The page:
Yet this is no time for caution. Much of it can be undone, and likely would be undone by a Trump presidency. The possibility of a Trump victory should be treated like catastrophic climate change: an unlikely event we should treat as imminent unless we take a superabundance of caution to prevent it. We no longer have the luxury of doing donuts in the mud of our culture wars and political dysfunction. We are running out of time.

In 1989, in the wake of the collapse of the USSR, political scientist Francis Fukuyama famously published a book called The End of History and the Last Man.  The “end of history” phrase he took from Hegel.  His claim was that history was “over,” in the sense that liberal democratic capitalism had emerged as the last form of political economy standing, and the rest of history would be a gradual process of its universal dissemination.  Though his thesis was widely dismissed as prematurely triumphant (especially after 9/11) and, later, as an ideological prop for the second Bush administrations’s neoconservative adventures in democracy promotion, I think Fukuyama was on to something with the second part of his title: “the Last Man.” The phrase is from Nietzsche. It refers to a dehumanized form of life reduced to the pursuit of pleasure and avoidance of pain, a consumer rather than a creator, with no concern for higher goals or ideals, and no stomach for defending its way of life. The last man is captured by Morgan Freeman’s Detective Somerset in the film Seven: “People don’t want a champion. They want to eat cheeseburgers and watch television.” In Nietzsche’s text, Thus Spoke Zarathustra, the title character, a prophet hoping to provide guidance for humanity, comes into the marketplace of a town and warns the townspeople of the dangers of the last man. And the people, to his horror, cry out, “turn us into these last men!” Chris Hedges discerns the traces of the last man in American culture:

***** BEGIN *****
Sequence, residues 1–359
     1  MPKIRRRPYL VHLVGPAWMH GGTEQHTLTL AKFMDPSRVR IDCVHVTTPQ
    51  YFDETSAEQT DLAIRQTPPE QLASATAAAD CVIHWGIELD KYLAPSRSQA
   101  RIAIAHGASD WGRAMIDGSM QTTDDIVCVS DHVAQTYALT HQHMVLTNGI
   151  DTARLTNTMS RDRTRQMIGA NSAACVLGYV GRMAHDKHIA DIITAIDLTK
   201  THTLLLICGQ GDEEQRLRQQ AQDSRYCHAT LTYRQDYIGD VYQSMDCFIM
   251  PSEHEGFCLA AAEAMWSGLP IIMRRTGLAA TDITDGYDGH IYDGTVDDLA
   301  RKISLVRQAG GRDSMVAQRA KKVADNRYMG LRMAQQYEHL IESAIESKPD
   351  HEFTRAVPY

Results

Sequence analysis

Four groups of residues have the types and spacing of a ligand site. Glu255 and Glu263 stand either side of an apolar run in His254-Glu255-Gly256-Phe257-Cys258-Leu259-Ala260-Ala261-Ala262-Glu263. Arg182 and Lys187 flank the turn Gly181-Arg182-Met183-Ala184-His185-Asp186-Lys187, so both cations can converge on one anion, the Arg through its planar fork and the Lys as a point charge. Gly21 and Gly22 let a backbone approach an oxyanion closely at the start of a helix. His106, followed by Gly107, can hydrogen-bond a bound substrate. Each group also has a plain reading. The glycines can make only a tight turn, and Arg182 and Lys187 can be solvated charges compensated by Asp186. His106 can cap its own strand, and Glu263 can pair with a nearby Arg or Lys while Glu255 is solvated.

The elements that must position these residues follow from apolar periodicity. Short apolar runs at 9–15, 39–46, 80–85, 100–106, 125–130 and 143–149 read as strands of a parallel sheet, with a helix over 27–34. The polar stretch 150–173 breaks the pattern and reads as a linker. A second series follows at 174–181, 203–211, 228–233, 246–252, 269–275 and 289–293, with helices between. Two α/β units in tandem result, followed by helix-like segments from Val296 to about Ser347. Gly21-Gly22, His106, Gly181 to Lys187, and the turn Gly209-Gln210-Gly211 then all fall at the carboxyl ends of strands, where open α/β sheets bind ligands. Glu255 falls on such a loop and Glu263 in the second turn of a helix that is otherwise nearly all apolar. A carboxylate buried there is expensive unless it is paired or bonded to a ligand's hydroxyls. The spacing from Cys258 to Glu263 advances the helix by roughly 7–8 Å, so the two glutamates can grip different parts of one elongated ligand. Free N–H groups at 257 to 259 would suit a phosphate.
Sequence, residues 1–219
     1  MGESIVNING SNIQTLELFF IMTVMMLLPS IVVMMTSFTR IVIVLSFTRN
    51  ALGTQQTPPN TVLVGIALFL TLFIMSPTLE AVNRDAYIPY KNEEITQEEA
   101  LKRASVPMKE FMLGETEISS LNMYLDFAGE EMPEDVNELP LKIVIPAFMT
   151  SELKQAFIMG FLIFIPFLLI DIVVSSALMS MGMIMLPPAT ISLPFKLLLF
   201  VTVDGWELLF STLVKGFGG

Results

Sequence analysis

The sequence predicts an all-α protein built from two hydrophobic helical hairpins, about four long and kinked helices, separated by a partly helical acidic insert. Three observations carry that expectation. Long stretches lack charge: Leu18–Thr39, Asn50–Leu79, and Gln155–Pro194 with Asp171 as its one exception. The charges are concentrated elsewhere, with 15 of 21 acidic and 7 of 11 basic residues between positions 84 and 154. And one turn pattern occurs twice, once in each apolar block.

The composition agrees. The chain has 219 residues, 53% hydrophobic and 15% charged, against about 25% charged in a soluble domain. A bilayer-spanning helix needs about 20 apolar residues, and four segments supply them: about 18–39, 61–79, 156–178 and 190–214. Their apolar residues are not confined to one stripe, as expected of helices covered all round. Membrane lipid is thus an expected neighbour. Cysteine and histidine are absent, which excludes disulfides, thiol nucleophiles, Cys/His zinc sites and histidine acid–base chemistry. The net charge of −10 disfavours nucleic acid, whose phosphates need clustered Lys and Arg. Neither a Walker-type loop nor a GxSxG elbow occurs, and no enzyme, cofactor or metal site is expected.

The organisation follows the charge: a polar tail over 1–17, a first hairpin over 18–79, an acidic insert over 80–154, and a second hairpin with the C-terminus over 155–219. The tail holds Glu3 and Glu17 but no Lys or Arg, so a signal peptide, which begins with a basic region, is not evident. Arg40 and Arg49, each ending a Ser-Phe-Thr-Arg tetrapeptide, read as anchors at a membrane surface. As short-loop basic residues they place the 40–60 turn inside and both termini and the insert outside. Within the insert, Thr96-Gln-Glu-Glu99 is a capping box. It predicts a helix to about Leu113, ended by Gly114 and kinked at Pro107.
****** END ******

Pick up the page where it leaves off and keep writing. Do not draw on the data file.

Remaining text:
As we devolve into a commodity culture, in which celebrity, power and money reign, the older, dimming values of another era are being replaced. We are becoming objects, consumer products and marketable commodities. We have no intrinsic value. We are obsessed with self-presentation. We must remain youthful. We must achieve notoriety and money or the illusion of it. And it does not matter what we do to get there. Success, as Goldman Sachs illustrates, is its own morality. Other people’s humiliation, pain and weakness become the fodder for popular entertainment. Education, building community, honesty, transparency and sharing see contestants disappeared from any reality television show or laughed out of any Wall Street firm.